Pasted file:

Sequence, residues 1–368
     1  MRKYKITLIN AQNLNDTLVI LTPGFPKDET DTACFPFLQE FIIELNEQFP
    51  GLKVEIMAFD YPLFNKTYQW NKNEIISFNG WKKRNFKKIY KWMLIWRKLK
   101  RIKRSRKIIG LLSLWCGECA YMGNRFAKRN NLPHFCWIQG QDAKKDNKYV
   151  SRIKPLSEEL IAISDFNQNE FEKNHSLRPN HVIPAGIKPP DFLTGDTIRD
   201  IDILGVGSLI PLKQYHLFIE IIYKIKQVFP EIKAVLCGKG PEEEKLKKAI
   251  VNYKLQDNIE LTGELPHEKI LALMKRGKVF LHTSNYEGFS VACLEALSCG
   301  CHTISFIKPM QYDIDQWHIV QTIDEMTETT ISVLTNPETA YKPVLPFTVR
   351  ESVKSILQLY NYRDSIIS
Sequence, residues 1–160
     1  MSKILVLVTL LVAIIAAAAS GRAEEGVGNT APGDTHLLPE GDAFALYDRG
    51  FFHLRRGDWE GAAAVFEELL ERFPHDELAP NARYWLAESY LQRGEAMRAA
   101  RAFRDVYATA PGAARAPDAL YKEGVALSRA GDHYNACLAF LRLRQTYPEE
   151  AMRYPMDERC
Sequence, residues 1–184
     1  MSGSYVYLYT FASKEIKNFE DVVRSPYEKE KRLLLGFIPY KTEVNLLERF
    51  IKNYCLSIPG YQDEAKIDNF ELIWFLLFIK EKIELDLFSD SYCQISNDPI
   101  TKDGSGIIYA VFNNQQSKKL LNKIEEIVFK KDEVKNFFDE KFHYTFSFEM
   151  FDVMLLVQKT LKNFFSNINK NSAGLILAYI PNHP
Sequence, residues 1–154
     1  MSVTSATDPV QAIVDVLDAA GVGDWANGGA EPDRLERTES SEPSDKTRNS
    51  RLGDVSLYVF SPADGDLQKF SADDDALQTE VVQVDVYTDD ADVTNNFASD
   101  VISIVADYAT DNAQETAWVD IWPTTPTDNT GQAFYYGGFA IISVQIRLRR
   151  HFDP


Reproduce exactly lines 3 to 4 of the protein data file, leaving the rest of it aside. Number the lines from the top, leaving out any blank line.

    51  GLKVEIMAFD YPLFNKTYQW NKNEIISFNG WKKRNFKKIY KWMLIWRKLK
   101  RIKRSRKIIG LLSLWCGECA YMGNRFAKRN NLPHFCWIQG QDAKKDNKYV